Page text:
They say a picture tells a thousand words.
In that case, stop reading right now and concentrate on the above moment when Hinako Shibuno sunk the putt to win the Women’s British Open at the age of 20.
Making par at the final hole of the tournament would have seen Shibuno fall into a playoff with American Lizette Salas at 17 under, but the fearless Japanese player doesn’t deal in pars.
She holed the near-20-footer for the fifth birdie of a back nine completed in 31. In the third round she’d come home with a loop of 30, including six birdies. ‘I feel like I’m going to vomit,’ Shibuno said afterwards, talking about the jangling nerves that she had managed to keep concealed throughout the tournament.
But, let’s return to the picture. I immediately noticed when watching live on SuperSport how the 30-year-old Ashleigh Buhai, who had led through halfway and was two back going into the final round, responded to her opponent’s birdie putt. Look at the picture again. Her hands shoot upwards in spontaneous celebration almost as quickly as Shibuno’s – and a couple of seconds quicker than anyone in the watching gallery around the 18th green.
I have to admit that I can’t recall a beaten opponent celebrating, in that frozen moment, the success of the winner. Sure, Buhai had slipped to fifth spot on the leaderboard after going into the weekend with realistic ambitions of winning her first Major, but it was an act of ‘sportsmanship’ that showed what sport is all about.
Shibuno was imperious all week and held her nerve for a final-round 68, with Salas carding a charging 65 to join her at the top of the leaderboard as she watched the final pairing putt out from the clubhouse.
All through sport the beaten opponent congratulates the winner, the biggest examples of this coming in the boxing ring, where two warriors have knocked all sorts of lumps out of one another, trying to render one another unconscious for more than 45 minutes and then immediately embracing in a mutual display of respect.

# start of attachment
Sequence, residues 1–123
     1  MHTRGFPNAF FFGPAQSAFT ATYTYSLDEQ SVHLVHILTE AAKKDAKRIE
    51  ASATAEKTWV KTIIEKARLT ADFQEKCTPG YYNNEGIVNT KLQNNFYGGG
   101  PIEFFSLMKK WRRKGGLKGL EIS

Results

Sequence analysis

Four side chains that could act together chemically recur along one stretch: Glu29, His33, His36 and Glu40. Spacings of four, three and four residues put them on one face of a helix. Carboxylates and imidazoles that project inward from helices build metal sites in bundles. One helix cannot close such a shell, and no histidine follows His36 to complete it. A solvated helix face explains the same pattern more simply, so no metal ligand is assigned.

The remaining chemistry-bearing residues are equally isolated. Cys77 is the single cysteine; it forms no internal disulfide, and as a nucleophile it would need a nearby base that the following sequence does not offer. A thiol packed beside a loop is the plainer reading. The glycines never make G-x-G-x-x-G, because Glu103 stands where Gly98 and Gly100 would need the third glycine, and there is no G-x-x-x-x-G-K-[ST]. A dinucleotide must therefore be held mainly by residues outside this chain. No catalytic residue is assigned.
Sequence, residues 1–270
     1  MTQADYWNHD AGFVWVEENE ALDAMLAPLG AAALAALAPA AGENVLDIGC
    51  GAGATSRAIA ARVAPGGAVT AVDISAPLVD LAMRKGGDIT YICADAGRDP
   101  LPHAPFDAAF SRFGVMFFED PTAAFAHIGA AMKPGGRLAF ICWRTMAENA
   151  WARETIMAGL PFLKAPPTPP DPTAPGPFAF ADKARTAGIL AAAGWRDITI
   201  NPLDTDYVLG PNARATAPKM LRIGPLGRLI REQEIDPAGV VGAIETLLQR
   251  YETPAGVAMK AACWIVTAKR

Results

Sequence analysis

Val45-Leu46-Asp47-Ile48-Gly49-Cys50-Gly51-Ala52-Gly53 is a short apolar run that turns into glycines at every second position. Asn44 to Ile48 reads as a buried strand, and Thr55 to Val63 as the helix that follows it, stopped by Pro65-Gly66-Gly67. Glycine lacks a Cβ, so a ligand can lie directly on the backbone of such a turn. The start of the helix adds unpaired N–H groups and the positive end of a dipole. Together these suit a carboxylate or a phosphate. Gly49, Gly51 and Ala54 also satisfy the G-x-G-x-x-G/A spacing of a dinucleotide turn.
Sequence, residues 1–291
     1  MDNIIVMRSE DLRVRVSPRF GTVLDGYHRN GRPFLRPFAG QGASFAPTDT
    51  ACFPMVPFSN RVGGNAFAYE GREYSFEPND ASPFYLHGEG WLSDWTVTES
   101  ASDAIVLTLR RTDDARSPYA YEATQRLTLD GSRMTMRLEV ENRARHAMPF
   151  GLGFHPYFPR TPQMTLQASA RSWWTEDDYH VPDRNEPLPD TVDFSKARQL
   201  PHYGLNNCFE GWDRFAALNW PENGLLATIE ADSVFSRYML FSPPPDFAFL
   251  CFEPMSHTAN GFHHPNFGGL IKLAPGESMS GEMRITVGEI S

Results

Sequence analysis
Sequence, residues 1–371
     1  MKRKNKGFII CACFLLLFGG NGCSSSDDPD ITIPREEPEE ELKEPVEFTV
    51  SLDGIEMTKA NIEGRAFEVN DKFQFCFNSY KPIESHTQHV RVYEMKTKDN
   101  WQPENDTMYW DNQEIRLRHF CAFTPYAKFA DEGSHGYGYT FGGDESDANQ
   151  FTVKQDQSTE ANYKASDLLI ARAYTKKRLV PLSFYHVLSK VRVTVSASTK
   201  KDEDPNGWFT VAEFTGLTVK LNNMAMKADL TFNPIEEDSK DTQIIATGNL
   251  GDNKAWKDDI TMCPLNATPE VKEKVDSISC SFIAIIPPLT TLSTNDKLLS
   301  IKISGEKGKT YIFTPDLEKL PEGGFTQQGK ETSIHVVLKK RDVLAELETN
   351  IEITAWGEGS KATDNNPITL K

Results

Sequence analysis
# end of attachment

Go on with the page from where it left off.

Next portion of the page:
At the end of a tennis match, the two players meet at the net and (usually) offer their thanks for the match and wish the winner well on their next assignment. Those who take part in sports like rugby, football, cricket, netball and hockey shake hands as a tradition at the end of their encounter, but Buhai’s joy for Shibuno is on a different level. She also immediately strode across the green to high five the new champion. It was a special moment, a snapshot of how any sport should be contested. And this was in a Major, not an afternoon club competition.
This has been a good year for women’s sport. Football’s Women’s World Cup attracted bigger live television viewerships in the United Kingdom than the men’s Cricket World Cup, played at the same time. It is true, though, that the former was on free-to-air TV while the latter was on subscription channel Sky.
Netball’s World Cup was well received and tennis saw Simona Halep take down Serena Williams in the Wimbledon tennis final, and at Woburn golf joined the party. Shibuno’s success made her the 17th golfer to win a women’s Major out of the last 20 played; only Ko Jin-Young (who won two of the five in 2019), Ariya Jutanugarn and Park Sung-hyun have won more than once in those 20.
In the last 20 men’s Majors there have been 15 different winners; only Brooks Koepka and Jordan Spieth, with seven combined, have won more than once in that period. Because of that sequence men’s golf is said to have never been stronger. Surely the same can then be said of the women’s game?
However, even if she didn’t lift the trophy, for me Ashleigh Buhai’s gesture on the 18th green at Woburn said it all. If you want to see it ‘live’, go to YouTube, search ‘Hinako Shibuno Highlights from the Final Round of the 2019 AIG Women’s British Open’ and find it at the 1:17 mark.